Show Don’t Tell #1

The best way to learn is by example! “Show, don’t tell”, right? Here are some examples that illustrate the difference between showing and telling.

This is the first of a series of examples I will post that shows a BEFORE paragraph and an AFTER paragraph. The Before paragraph is telling us. The After paragraph is showing.


 

BEFORE

She didn’t know what to say. Of course she loved him, but she couldn’t find the strength to speak. She couldn’t control the way she felt or what she said.(1)  She saw his smile fade and he looked like he regretted speaking.(2) Who knew silence could be as powerful as speaking?(3)

1. We’re getting internal thoughts, which is fine, but we’re not in the moment with any sensory, concrete details. I want to see her have trouble.

2. We’re seeing his actions filtered through her observation. This is an easy trap but also an easy fix.

3. Rhetorical questions can take us out of a moment in a bad way.

 

AFTER

She opened her mouth to speak, but she couldn’t even breathe. Her tongue dried up and her fingers twitched.(1) The silence emptied out the space between them: no more tension, no more sparks, no more heat.

His smile slipped away. His shoulders slumped. The warmth of his hands faded from her skin as he stepped back and crossed his arms.(2) The space widened, scraped clean by all the things she couldn’t say.(3)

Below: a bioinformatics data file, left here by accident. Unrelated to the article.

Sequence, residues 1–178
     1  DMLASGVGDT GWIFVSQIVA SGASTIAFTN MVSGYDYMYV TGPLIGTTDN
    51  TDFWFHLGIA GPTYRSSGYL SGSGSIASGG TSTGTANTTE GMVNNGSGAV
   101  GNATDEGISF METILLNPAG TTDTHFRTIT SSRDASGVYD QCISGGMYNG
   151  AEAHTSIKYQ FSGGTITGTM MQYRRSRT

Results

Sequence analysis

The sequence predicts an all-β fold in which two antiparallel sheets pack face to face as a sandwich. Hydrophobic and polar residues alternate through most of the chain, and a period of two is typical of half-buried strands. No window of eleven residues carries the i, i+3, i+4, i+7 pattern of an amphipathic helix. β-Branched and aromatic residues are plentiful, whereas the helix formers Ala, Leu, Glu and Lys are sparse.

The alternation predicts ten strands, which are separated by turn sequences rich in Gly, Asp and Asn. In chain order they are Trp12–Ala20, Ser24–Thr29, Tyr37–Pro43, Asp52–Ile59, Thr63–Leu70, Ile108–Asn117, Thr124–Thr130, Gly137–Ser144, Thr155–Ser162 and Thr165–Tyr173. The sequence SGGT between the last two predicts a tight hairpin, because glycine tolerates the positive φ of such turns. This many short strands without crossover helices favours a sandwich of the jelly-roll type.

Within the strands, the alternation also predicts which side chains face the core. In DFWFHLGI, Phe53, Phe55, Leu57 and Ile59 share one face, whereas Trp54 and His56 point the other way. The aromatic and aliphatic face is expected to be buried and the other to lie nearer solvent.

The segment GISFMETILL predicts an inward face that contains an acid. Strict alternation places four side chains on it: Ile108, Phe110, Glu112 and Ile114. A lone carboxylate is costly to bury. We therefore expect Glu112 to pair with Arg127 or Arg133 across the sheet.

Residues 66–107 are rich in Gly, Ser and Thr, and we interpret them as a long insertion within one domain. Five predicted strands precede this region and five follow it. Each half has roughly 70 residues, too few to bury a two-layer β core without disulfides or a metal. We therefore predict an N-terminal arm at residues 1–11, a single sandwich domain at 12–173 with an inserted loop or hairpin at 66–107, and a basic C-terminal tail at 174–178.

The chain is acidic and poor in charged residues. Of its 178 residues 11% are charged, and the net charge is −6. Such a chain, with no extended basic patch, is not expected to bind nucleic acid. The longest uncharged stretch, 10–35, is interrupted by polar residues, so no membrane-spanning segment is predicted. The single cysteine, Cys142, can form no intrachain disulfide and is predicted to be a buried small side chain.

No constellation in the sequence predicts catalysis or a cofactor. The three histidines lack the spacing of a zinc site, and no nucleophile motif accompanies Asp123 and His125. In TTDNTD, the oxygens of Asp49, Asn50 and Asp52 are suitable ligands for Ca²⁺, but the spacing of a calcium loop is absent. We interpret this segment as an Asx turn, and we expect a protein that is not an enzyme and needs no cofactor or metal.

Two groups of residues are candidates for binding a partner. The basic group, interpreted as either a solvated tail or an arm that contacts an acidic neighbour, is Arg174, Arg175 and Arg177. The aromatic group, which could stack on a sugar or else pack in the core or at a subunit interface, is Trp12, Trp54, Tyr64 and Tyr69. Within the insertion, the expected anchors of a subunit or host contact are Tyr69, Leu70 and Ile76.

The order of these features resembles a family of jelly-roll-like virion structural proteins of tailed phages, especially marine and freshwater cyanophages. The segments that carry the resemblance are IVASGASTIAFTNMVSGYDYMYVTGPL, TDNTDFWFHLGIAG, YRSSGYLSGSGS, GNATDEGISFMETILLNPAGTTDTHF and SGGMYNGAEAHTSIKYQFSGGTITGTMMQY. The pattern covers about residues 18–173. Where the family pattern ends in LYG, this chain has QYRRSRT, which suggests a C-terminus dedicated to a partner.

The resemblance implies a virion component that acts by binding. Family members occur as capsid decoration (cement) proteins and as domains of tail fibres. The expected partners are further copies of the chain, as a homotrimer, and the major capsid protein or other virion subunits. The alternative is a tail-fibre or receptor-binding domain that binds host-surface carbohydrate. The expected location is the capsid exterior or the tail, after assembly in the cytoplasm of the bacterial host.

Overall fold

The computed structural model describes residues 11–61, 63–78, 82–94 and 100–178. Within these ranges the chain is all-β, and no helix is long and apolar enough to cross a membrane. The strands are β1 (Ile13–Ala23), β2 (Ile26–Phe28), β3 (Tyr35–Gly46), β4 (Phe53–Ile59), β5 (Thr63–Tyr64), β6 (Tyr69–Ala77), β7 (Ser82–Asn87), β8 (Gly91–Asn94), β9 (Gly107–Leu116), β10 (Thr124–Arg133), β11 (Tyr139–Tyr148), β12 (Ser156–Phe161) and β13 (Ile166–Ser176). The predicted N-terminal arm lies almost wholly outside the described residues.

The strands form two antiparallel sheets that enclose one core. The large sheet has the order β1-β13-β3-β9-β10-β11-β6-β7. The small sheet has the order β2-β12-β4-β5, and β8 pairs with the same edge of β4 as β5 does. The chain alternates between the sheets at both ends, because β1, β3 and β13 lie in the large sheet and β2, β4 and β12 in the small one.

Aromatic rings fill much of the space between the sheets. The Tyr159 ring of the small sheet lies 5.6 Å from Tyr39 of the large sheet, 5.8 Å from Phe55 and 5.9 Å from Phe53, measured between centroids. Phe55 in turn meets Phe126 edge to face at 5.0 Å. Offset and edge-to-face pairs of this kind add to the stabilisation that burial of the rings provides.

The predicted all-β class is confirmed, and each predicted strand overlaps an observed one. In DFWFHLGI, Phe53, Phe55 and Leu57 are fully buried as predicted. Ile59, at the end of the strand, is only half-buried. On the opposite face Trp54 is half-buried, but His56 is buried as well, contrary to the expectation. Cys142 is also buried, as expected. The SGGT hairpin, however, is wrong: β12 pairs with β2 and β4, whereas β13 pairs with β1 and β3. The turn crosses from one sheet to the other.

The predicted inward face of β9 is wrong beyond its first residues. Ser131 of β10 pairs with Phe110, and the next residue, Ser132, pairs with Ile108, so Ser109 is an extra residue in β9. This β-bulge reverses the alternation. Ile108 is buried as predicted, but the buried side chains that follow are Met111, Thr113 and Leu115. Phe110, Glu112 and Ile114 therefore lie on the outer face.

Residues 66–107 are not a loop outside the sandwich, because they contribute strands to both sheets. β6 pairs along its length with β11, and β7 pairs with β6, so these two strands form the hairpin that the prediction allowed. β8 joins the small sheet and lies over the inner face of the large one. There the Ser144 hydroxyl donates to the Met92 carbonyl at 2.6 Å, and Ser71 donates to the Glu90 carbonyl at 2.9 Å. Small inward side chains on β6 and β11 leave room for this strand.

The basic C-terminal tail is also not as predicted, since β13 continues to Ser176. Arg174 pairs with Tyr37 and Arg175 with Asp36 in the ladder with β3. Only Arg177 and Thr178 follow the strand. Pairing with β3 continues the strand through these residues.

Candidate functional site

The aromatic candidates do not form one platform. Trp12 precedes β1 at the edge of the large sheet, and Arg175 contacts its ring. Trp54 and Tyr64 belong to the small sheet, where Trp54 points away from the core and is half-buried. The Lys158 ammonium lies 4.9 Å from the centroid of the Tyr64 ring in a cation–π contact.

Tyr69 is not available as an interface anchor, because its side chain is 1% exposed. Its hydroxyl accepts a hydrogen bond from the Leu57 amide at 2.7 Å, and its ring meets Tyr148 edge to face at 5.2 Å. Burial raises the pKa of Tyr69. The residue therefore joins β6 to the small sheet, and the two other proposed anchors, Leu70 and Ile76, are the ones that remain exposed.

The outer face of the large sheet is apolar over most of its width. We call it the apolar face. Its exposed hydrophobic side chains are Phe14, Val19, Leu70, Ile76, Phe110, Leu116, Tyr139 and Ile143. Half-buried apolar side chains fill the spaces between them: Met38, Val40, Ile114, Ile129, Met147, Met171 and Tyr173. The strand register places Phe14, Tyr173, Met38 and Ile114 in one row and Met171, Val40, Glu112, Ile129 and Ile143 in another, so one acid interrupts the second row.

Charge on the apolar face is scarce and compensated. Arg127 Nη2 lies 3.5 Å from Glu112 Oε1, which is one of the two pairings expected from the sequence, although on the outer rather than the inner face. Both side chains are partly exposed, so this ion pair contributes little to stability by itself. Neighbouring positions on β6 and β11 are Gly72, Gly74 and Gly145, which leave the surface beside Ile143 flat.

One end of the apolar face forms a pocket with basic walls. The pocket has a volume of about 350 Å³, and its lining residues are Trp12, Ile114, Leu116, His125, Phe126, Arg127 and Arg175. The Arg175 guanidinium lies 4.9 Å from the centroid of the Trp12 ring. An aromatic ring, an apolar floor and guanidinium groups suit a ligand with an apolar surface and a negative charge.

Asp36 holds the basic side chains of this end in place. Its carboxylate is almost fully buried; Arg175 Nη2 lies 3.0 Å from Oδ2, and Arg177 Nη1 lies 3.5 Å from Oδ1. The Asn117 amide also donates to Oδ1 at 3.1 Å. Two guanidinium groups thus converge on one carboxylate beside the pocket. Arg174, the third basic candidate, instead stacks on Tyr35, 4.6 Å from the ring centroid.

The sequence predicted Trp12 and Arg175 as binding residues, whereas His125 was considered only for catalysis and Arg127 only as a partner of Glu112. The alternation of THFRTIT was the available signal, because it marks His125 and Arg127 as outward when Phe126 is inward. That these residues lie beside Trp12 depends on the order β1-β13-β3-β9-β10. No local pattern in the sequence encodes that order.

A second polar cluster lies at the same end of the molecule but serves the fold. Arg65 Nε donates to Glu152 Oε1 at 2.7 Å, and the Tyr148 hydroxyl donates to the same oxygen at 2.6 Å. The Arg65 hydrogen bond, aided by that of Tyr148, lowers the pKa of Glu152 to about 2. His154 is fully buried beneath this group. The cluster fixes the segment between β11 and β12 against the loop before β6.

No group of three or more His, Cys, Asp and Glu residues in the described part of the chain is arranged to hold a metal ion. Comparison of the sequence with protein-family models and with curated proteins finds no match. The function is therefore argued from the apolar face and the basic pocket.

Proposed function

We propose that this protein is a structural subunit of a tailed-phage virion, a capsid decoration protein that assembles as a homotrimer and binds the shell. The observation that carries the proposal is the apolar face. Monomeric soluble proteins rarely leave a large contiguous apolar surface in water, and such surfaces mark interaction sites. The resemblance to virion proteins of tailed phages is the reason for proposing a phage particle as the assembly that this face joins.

1. Invoke sensory details during emotional scenes. This connects the emotional events with events that readers can physically understand and empathize with.

2. It’s easy to put other character’s actions through a filter (especially in first person stories). What you want to do, though, is give those characters their own actions. It’ll strengthen the way we visualize the scene.

3. Here, we’re still getting some of that “bigger picture” feeling by using a recurring metaphor of the space between them. (Not super original, but it’s an example of how to make changes, not that it’ll instantly be perfect.)

 


What do YOU think? How would you tweak/change the Before paragraph in order to show us the scene’s emotions? What are your thoughts on what to add/take away to make it better?

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